good read, ross. i just filled in my email signature, which was lacking. thank you – you gave me an awesome (well, i think it is) idea. one could include social signals (link to complimentary tweets) and kind comments on one’s blog as an image to add authority to a signature.

    i also like the press release idea (i used to suggest the client do one, mentioning increasing their efforts, while the marketing agency’s would be a welcome and overview of new client. the man i worked for at the time experienced a few competitors ‘under selling’ him, so we ceased that practice.

    • rosshudgens

      Interesting about the undersell technique. That makes sense, but sense we’re not a commodity that goes to the lowest bidder, having our name out there is a worthwhile activity for sure. If I knew my competitor could sell our shoes at $5 less per pair, I’d be worried. :)

  • http://riastuff.com/ Ria Parish

    Especially in this generation, when everybody’s on their phone all the time, the power of a simple phone call or allowing yourself to be called is so underestimated.

  • http://www.metapilot.com/miami-seo.html Metapilot SEO

    Traffic at the intersection of SEO and PR is growing and doing what the client needs us to do is what’s making it happen. Today’s nascent PR, SEO, SM agency will have an advantage over tomorrow’s latecomers.

  • http://www.metapilot.com/ Metapilot

    Traffic at the intersection of SEO and PR is growing and doing what the client needs us to do is what’s making it happen. Today’s nascent PR, SEO, SM agency will have an advantage over tomorrow’s latecomers.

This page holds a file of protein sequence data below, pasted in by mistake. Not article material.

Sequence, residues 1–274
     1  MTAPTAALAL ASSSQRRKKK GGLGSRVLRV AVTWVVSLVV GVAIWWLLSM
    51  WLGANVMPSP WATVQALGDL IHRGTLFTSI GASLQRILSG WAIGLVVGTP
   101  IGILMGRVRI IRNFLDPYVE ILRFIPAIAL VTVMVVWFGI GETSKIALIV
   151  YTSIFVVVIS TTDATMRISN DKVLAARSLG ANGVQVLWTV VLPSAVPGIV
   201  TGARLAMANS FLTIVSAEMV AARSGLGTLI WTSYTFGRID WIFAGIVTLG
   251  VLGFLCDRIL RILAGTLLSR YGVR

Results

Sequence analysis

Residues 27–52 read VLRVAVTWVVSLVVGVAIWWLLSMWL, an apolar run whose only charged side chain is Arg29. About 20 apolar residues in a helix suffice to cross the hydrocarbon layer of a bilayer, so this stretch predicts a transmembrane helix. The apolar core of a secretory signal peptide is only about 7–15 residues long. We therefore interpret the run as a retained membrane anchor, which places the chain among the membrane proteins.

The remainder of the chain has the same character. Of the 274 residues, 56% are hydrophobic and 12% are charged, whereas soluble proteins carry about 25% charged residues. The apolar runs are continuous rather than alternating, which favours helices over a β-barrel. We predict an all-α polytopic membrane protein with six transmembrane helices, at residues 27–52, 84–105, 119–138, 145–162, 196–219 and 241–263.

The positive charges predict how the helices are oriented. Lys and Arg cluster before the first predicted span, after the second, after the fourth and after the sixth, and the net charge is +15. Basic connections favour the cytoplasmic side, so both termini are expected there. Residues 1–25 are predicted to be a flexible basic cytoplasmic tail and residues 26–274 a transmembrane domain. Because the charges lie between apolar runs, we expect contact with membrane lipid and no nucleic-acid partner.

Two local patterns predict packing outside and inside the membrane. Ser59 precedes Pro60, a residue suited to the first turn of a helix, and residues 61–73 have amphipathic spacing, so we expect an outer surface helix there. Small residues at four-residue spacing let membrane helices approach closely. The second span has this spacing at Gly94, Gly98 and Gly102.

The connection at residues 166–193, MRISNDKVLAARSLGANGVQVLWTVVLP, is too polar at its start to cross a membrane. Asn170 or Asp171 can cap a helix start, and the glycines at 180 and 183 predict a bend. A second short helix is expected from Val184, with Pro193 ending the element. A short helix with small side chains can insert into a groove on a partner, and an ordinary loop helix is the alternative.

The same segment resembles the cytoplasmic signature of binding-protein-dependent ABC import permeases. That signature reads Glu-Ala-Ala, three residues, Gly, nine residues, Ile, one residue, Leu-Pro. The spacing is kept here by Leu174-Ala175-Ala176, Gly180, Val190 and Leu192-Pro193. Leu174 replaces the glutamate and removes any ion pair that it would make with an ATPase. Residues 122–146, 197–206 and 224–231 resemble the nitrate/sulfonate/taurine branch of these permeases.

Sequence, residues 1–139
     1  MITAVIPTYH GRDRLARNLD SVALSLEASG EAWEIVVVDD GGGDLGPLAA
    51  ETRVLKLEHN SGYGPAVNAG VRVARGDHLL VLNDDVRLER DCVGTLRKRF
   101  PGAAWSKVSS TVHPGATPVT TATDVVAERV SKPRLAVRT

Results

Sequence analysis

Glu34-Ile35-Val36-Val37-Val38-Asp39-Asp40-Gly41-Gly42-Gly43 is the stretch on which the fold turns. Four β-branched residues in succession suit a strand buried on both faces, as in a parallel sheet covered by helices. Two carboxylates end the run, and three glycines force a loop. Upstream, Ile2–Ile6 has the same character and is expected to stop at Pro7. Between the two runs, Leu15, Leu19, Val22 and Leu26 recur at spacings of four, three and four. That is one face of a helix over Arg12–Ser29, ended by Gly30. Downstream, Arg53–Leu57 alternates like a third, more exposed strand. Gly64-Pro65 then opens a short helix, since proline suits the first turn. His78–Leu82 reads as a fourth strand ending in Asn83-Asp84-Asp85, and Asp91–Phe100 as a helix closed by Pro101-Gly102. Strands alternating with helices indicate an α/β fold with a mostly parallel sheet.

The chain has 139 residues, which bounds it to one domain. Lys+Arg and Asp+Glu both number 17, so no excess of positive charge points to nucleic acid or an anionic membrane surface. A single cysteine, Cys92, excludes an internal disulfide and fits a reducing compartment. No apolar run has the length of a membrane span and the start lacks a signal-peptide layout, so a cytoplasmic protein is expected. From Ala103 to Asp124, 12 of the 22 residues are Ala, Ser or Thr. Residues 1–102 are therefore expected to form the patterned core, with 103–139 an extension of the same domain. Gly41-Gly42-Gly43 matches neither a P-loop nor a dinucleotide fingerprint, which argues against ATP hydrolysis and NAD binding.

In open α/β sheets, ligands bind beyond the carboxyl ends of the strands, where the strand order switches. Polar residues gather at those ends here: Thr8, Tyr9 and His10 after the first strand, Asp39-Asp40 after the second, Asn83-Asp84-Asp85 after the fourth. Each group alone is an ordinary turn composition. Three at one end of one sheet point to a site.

• http://www.rosssimmonds.com/ Ross Simmonds

    Great post Ross – Love the tip about having a professional signature on your email. It’s a simple concept but one that can make the world of a difference.

    • rosshudgens

      Thanks Ross (nice name). I agree. I love the professionalism and quality a well-designed signature projects. A correctly done signature can make me trust you without ever seeing anything else.

  • ronellsmith

    As a former newspaper and magazine writer/reporter, I can say you are spot-on with this piece. There are many elements of PR that can, will and should inform, benefit SEOs.

    The outreach component–something many PR firms, too, get wrong–is where the hay is made in link building, and even if we employ the techniques you mention by themselves, we’re way ahead of the rest of the field.

    RS

  • http://www.brandignity.com/ Brandignity

    I think every PR specialists should have some knowledge of SEO especially if the focus is digital. Good SEO in a press release can allow that piece of content to travel that much further.